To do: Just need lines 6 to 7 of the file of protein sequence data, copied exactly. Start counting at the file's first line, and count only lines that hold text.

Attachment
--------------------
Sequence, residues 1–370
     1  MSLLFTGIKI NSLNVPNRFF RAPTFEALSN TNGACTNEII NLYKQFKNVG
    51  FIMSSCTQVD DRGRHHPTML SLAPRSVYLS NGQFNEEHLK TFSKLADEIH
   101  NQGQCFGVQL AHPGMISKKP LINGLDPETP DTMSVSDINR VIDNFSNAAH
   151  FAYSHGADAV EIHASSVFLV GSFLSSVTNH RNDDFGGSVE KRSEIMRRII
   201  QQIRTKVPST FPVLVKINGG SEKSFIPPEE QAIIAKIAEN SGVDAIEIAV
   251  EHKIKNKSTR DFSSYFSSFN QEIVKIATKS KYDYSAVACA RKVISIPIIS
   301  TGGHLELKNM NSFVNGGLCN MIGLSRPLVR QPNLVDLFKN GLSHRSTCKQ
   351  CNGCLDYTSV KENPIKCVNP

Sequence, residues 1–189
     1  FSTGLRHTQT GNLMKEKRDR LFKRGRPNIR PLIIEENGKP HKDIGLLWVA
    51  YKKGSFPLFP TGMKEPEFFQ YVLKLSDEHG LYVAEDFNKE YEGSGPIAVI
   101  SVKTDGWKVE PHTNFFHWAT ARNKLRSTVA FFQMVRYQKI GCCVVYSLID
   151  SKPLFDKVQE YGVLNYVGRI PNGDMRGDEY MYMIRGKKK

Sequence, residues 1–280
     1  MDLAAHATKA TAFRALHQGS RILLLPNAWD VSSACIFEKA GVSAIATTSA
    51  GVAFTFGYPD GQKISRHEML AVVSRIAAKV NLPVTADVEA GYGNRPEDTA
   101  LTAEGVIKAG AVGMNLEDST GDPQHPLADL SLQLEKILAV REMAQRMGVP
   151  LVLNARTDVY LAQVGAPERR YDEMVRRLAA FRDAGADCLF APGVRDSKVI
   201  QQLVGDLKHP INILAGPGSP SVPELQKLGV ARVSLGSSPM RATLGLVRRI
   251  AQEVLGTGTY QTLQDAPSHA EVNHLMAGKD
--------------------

   201  QQIRTKVPST FPVLVKINGG SEKSFIPPEE QAIIAKIAEN SGVDAIEIAV
   251  EHKIKNKSTR DFSSYFSSFN QEIVKIATKS KYDYSAVACA RKVISIPIIS